Twitter is often cited as a great new marketing tool that truly brings one-to-one marketing to the forefront.
But truly, what good is this tool if you don’t really use it?
A few months ago I was looking into getting a new cellular phone, and as there were so many fantastic new options, I really wasn’t sure what I wanted to get. Knowing what a fantastic resource Twitter can be, I asked my network what phones they had and what they liked or disliked about them. As I already have two iPods, my only requirement was no iPhones.
As expected, I got lots of terrific feedback from a wide variety of people. But guess who I didn’t hear a word from? A single person in the mobile industry.
This would have been a great opportunity for Palm and Sprint to jump into the conversation if not to put their two cents in, than to thank their customers who were speaking so highly of their products. Or for T-Mobile to jump in to keep me as a customer, or Verizon to try and steal me away as I was no longer under contract.
Plenty of opportunities presented themselves all the way from the store level to the mobile brand to the cellular carrier, but not a single person took advantage of them. Needless to say after three days of conversations on Twitter, I made my choice which I’m happy with.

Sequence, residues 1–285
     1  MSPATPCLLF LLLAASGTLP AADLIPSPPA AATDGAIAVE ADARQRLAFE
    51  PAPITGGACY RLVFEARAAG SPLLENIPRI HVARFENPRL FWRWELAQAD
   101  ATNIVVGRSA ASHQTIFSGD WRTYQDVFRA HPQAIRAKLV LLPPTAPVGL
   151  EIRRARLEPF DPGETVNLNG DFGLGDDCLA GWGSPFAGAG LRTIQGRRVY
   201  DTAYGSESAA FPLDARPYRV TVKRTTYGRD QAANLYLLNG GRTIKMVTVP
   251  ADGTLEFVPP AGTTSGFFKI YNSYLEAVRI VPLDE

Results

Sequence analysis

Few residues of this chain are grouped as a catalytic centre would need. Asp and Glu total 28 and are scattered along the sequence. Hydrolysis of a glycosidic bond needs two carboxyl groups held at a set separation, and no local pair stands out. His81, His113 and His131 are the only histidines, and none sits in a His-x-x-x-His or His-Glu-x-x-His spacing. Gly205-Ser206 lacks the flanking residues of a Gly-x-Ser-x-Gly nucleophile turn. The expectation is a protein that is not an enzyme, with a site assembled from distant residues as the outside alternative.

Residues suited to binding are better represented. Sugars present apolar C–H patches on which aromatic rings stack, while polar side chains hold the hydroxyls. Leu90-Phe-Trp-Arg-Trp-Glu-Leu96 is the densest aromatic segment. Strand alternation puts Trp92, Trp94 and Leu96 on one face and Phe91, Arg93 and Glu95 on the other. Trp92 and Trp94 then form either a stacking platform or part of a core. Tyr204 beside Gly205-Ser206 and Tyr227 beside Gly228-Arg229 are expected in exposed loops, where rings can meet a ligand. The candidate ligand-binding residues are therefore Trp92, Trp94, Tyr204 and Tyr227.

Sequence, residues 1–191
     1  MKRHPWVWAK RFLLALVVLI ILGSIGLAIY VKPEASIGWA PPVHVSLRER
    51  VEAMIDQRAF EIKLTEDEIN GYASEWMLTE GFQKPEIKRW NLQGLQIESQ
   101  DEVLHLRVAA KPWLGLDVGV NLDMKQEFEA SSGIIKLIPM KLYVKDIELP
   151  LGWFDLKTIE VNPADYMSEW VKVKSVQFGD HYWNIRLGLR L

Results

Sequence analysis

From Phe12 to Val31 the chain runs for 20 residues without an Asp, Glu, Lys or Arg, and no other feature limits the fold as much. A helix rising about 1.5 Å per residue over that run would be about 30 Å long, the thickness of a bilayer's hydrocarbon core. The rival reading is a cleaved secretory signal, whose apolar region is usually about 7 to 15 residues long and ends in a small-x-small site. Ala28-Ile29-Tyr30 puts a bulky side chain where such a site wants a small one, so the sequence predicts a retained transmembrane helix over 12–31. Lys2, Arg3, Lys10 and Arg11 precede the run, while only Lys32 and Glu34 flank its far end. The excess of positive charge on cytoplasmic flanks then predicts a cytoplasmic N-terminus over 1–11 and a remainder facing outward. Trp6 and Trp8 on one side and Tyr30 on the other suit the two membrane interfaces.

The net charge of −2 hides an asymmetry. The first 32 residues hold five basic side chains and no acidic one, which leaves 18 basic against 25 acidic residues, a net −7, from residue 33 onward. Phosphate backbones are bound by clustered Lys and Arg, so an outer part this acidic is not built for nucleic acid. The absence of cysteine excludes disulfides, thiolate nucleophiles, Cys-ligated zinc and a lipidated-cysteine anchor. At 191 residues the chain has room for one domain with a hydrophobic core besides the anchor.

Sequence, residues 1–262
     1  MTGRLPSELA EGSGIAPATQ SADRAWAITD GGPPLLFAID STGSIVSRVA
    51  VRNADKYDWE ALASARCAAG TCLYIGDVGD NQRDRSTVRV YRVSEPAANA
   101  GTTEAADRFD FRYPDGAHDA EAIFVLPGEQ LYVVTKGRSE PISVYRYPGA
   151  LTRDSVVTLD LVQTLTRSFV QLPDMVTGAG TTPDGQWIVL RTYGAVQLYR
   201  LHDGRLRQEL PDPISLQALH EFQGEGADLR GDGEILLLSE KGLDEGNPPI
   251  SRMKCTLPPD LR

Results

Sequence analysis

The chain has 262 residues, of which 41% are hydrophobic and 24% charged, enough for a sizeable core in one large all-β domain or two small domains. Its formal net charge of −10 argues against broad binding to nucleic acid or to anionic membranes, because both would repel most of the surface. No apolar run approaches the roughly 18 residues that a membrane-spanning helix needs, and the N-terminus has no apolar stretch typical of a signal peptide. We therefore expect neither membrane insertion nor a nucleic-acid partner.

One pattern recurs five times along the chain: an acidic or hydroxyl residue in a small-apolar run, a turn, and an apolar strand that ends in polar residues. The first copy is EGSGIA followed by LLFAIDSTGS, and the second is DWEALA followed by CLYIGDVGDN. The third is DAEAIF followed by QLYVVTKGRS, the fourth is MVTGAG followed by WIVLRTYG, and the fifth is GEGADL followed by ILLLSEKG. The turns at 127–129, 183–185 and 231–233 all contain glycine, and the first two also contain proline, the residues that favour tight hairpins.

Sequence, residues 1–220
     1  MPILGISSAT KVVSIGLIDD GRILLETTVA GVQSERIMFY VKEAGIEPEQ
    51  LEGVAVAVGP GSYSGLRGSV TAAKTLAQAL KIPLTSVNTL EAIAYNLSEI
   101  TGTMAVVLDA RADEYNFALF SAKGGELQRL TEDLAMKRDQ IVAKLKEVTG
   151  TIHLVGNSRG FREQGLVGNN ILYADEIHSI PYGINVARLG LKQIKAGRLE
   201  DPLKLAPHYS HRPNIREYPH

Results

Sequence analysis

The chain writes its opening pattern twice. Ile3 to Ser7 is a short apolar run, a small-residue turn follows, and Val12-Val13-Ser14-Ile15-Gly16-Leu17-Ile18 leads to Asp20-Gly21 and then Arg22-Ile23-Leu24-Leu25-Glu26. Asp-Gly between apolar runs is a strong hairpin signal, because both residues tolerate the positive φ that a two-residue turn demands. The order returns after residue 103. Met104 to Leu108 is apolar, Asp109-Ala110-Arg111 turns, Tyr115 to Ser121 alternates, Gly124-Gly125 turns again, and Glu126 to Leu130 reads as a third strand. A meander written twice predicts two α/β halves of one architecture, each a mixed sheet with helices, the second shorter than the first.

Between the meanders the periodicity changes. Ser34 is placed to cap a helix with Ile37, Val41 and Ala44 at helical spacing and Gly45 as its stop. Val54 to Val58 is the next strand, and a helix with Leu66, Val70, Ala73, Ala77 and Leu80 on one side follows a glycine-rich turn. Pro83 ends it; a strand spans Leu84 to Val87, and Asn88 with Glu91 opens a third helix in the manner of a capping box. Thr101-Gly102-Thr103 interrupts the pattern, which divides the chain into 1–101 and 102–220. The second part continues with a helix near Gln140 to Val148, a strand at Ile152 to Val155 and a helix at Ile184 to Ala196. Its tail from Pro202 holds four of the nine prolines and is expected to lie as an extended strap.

Recently I was surprised to actually have a company do on Twitter exactly what too few companies take the time to do.
The Toronto Rock saw my tweet regarding a specific product of theirs I thought I was out of luck on and responded with a direct link to it on their website.
(Well, at least the closest thing to it as the specific item I was lamenting was a game worn jersey auctioned off for charity.)
The result? They made a sale.
It doesn’t matter how niche or mainstream your product is, plenty of opportunities exist if you’re genuinely willing to take the time to not only search them out, but respond to them individually in a way that shows you actually are paying attention and not just searching specific keywords regardless of context.